AZAPO Voice Volume 1 Issue Number 29



As it has been doing in the 40 years, AZAPO continues to keep Biko alive. AZAPO kept Biko alive at a high cost on the lives of its members and the survival of the Organisation.

Naturally, the System was out to murder Biko and erase his legacy. The strategy was to kill as many of the BC leaders as possible. Thus, Comrades like Mthuli ka Shezi, Onkgopotse Tiro, Mapetla Mohapi and Lungile Tabalaza would not be taken to Robben Island, but murdered with the hope of erasing their memory and weakening the Black Consciousness Movement. Biko was murdered in the same brutal way. To conclude its mission of destroying the BCM, the System then banned 17 BC organisations and two newspapers.

A section of the Liberation Movement had tried to stifle and scuttle the gallant efforts of the BCM and Biko to advance the liberation struggle. A vicious campaign that claimed that Biko was a CIA agent was spread. Next on the line were the ones who embraced, defended and intensified Biko’s legacy. Those were the members of AZAPO. They were necklaced, and their homes were set alight for daring to uphold Biko’s name.

Meanwhile, funders’ institutions made it a point that Biko’s Organisation, AZAPO, was to be starved of any financial support. True to the principle of self-reliance, AZAPO survived on the meagre financial contributions of its members and progressive community members.

As costly as Biko’s name was on AZAPO, this organisation carried Biko’s name with pride. By 1982 AZAPO introduced the innovation of the Black Consciousness Week. The BC Week concept was based on the concrete reality that Biko was transferred from Walmer Police Station to the Sanlam Building in Port Elizabeth on 6 September 1977 and died on 12 September of that same year. Therefore, the BC Week runs from 6 to 12 September of every year.

From 1995 AZAPO took on a ritual to visit the Biko Cell at Kgosi Mampuru Prison in Tshwane. AZAPO‘s call has always been that the Cell should be a National Shrine where no other prisoner would be incarcerated in that Cell again. And in 1997, on the occasion of the 20th anniversary of Biko’s murder, AZAPO organised a special Biko Train that ran from Musina to Qonce (KWT) where a Biko Rally was organised at the Victoria Grounds. The Biko Rally was addressed by AZAPO President Mosibudi Mangena and Dr Kwame Turè.

From 2007 AZAPO organised the annual Steve Biko Colloquium, which was graced by world-renowned scholars like Prof Ranwedzi Nengwekhulu, Rev Basil Moore, Prof Saths Cooper, Dr Ibbo Mandaza, Prof Ali Mazrui, Prof Eskia Mphahlele, Prof Kwesi Prah, Prof Molefi Kete Asante and Prof Jonathan Jansen.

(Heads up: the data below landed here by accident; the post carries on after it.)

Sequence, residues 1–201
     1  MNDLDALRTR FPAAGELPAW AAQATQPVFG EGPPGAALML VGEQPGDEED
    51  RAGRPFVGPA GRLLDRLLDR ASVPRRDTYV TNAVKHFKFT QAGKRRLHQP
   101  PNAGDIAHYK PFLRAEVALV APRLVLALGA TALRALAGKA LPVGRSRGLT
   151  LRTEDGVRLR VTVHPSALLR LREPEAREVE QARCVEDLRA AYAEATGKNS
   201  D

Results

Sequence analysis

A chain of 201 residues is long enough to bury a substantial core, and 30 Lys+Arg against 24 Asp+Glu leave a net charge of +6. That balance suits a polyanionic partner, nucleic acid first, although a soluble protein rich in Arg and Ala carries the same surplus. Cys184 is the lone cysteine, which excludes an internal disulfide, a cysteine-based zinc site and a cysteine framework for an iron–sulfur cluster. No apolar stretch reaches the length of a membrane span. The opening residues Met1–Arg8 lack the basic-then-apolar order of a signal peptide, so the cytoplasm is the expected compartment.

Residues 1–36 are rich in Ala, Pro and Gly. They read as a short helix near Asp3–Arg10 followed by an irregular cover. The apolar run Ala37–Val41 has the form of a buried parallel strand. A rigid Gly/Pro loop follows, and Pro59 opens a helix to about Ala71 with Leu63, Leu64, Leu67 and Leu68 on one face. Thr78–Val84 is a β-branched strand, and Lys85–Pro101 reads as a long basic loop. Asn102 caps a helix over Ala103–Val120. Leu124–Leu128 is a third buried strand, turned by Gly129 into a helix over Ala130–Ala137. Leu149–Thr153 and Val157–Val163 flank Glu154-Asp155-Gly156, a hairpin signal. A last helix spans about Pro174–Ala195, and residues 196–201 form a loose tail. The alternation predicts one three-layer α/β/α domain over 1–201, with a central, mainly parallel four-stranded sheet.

Since 2011, through its partnership with the Nelson Mandela University, AZAPO has hosted successful and popular Steve Biko Lectures at the University. AZAPO is grateful and salutes NMU for this partnership.

AZAPO means it when it says “Biko Lives” because it kept our Martyr alive.


This week, as the nation commemorates the murder in police custody of our founding father Bantu Biko, the Police Ministry released crime statistics that showed that violent crimes are on the increase.

While there are many factors contributing to high levels of crime, including poverty, socio-economic problems and poor education, it is AZAPO’s view that one of the primary drivers of violent crimes is the absence of Black Consciousness (BC) in our people.

As AZAPO president Strike Thokoane rightly asserted in his interview on SAFM, people who understand BC are unlikely to commit the sort of crimes that we commit among ourselves. Thokoane told listeners that if we had BC, we would not be raping our women or engaging in the kind of violence that we mete out on each other.

Thokoane is right. Most people who resort to violence have low self-esteem. They consider themselves to be inferior and find the use of force and violence as a means to validate themselves. The centre of focus for BC has always been psychological liberation and a quest for true humanity.

Of course, Police should do their work efficiently. They should arrest those who commit criminal offences, including violent crimes. They should conduct proper investigation and ensure successful prosecution of those guilty of crimes. But that is the secondary matter. It is dealing with the symptoms of the problem. The real problem is that our people, through centuries of brutal colonial and apartheid oppression, have been dehumanised. They have been made to feel inadequate and inferior. They have been made to feel less than human by their oppressors. They have been made not to value themselves and their lives. People who do not value their lives are unlikely to value the lives of other people. That is the reason it is so easy for some among us to kill another human being for something as small as a cell-phone.

We can call for the employment of more police officers and the deployment of modern technology in the fight against crime, but Police would not be able to save women against violent husbands. What is required is more education based on the true value of life, education based on Biko’s teachings of BC. Education that teaches us to love ourselves and respect ourselves. If we can do that on a massive scale, we have a fighting chance of getting different and better crime statistics in future.


It is now 2 years since former AZAPO President Nkosi Potjo Molala took his final rest.

The Stalwart of the Black Consciousness Movement died on 4 September 2016 at the age of 64. He was buried at the Saulsville Arena on 11 September 2016.